Biologists use GigaPan in field studies to maximize and complement data collection while minimizing observer interference. For example, Alex Smith at the University of Guelph uses the system to collect ecosystem data while studying insects on Costa Rican volcanoes. The inset photo demonstrates the detail available from the larger photo.

Alex Smith, University of Guelph in Ontario, using GigaPan to take detailed notes while studying insects in Costa Rica. This image by Alex Smith took roughly 1.5 hours to stitch 1,104 photos into a 4.6 gigapixel composite. Source: Conservation Magazine

Jason Straka recorded ecological context for his insect collection work around a sink hole near the Georgian Bay in Canada (below left). He discovered a beaver dam at the site within the gigapixel panorama (below right).

A sink hole near the Georgian Bay in Canada (left) and the beaver dam at the site that came into view within the gigapixel panorama (right). Source: TimeLapse GigaPan

Defenders of Wildlife, in partnership with Northern Jaguar Project, uses GigaPan imagery to monitor jaguar habitat in the Northern Jaguar Reserve in Sonora, Mexico. Defenders Senior Southwest Representative Craig Miller studies vegetation and erosion to determine the effectiveness of livestock removal on jaguar habitat restoration. He and colleagues also use this technology to monitor the U.S.-Mexico border to better understand how border infrastructure affects wildlife movement. The research team hopes to integrate the GigaPan images with camera-trap stills and videos to present a more comprehensive representation of northern jaguars and their habitat. The inset photo shows the detail available from the larger photo.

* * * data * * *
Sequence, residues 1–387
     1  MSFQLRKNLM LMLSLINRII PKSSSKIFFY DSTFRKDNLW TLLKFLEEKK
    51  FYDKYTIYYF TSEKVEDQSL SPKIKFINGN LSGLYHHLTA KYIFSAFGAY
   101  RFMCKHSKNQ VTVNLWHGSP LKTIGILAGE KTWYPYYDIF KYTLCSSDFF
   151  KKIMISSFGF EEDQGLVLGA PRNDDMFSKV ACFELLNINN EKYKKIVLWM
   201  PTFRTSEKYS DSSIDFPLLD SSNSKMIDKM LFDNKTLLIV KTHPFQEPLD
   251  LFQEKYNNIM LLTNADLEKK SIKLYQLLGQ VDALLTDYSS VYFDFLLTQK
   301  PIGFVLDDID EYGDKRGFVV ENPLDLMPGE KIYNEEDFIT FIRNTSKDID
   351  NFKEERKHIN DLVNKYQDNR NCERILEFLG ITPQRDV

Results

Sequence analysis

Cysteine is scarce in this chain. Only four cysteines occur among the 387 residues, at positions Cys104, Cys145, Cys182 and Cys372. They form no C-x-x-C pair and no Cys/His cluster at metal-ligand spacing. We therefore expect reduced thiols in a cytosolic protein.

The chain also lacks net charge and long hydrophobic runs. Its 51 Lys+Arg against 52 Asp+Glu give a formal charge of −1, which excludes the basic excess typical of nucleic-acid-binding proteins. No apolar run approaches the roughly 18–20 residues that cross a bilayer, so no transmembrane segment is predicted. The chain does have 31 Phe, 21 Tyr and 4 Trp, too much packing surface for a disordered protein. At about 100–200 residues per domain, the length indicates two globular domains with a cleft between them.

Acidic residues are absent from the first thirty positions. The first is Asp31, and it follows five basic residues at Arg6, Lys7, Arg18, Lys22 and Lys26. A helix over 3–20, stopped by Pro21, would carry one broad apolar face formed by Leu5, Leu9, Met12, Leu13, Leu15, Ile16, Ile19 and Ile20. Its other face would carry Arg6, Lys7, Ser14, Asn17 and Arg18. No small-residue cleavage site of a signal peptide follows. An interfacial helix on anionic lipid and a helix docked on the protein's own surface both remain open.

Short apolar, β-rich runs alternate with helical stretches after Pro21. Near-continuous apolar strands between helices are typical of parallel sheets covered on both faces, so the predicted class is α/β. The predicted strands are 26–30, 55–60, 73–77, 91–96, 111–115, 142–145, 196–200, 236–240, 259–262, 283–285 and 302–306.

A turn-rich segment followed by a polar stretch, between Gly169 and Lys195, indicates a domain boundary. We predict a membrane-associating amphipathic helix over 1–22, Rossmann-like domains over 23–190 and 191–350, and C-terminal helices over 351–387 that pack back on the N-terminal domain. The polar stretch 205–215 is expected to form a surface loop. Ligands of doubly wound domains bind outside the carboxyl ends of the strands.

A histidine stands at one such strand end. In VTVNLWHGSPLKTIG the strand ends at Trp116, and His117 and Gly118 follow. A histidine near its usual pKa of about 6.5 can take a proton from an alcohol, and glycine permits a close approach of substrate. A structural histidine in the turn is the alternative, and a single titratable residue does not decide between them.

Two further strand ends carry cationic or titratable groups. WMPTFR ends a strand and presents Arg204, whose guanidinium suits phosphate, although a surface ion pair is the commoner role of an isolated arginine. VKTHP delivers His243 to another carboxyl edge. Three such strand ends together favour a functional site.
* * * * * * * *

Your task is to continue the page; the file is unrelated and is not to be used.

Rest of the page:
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Jaguar habitat restoration site of Craig Miller, Defenders of Wildlife, in the Northern Jaguar Reserve, Mexico.  Source: Conservation Magazine.  Full image by Craig Miller can be found here.